In December the union representing Los Angeles County Deputy District Attorneys sued the incoming DA over the issue of sentencing enhancements. Yesterday a judge ruled in their favor, issuing a preliminary injunction that prevents DA Gascon from dismissing sentencing enhancements in existing cases. Gascon will also be required to follow the three strikes law.

“The court ruled as we expected in holding that the district attorney cannot order his prosecutors to ignore laws that protect the public from repeat offenders,” the union said in a statement. “The court ruled that the district attorney’s policy violated the law to benefit criminal defendants and ordered him to comply with the law. This ruling protects the communities which are disproportionately affected by higher crime rates and those who are victimized.”…

Gascon initially issued a blanket directive ending all sentencing enhancements. After blowback from crime victims and rank-and-file prosecutors, though, he revised the policy to allow enhancements in extraordinary circumstances in hate crimes, elder abuse, child abuse, sexual abuse, sex trafficking and financial crimes…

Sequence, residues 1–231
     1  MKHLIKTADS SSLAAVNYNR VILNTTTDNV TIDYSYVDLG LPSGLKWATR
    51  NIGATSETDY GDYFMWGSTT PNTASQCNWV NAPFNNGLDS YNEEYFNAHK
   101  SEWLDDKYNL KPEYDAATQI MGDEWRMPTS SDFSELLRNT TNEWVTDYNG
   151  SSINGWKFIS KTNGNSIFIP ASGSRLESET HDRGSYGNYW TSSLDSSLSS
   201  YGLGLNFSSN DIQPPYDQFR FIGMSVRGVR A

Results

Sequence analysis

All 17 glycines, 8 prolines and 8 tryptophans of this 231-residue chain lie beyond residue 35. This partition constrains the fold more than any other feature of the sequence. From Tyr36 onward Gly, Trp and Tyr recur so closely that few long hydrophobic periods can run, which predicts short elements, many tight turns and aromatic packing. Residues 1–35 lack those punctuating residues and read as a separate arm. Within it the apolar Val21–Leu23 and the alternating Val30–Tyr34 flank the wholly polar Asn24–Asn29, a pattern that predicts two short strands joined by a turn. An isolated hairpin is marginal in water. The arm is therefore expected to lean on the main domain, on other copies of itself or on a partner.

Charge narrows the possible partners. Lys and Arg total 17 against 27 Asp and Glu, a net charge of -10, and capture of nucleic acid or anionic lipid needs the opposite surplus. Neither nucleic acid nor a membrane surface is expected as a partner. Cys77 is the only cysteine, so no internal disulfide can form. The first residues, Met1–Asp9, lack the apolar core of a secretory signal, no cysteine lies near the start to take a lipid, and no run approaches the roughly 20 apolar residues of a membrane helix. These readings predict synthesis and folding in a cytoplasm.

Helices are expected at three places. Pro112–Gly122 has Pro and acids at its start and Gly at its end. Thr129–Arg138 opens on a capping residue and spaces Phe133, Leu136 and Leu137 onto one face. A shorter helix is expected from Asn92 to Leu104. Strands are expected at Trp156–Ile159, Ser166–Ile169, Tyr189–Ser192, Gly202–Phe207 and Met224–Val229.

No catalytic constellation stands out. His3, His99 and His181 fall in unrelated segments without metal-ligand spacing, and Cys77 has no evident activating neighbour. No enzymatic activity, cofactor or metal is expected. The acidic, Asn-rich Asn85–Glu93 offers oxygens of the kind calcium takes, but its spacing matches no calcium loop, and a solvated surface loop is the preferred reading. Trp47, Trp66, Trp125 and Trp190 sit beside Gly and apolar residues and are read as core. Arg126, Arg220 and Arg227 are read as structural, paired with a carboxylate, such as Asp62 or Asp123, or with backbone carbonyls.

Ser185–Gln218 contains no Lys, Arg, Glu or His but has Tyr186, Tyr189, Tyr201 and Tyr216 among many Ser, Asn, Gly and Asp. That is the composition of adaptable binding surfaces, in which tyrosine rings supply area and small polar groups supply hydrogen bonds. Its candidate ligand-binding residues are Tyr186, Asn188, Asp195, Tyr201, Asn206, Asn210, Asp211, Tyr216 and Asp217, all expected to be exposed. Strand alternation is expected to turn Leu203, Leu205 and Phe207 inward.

The deputies union got support from the California District Attorneys Association, which filed a friend of the court brief opposing the policy change. Some former prosecutors and academics supported Gascon, as did the American Civil Liberties Union.

Gascon immediately blamed systemic racism for the loss in court:

What this will mean going forward is that Gascon can not drop sentencing enhancements in existing cases. Those enhancements generate longer sentences in certain circumstances, i.e. using a gun to commit a murder, being a gang member, etc. However, Gascon will still be able to drop the enhancements in new cases that come before him. As mentioned in Gascon’s statement, he also lost on the issue of the three strikes law because the law is very clear about what DAs must do.

Judge James Chalfant agreed with the union’s argument that Gascón’s rules broke California’s three-strikes law, which states, “[t]he prosecuting attorney shall plead and prove each prior serious or violent felony conviction” of a criminal defendant.

Chalfant said the three-strikes law must “be applied in every case in which the defendant has a prior serious or violent conviction, and that the prosecuting attorney ‘shall plead and prove’ the strike prior” except in cases where the prior offense can’t be proved.

Gascon plans to appeal all of this but intends to abide by the ruling while the appeal is underway. Gascon has been under pressure not just for his stand on sentencing enhancements but also for his refusal to allow prosecutors to attend parole hearings for convicts. Recently that included a serial child rapist and a member of the Manson family cult. Fortunately, the LA County Sheriff has said he will send his deputies to parole hearings to speak up for victims so long as DA Gascon refuses to allow prosecutors to do so.

Finally, this local news report on the ruling against Gascon points out that his appeal could result in a decision on these issues which has impact not just in LA County but statewide.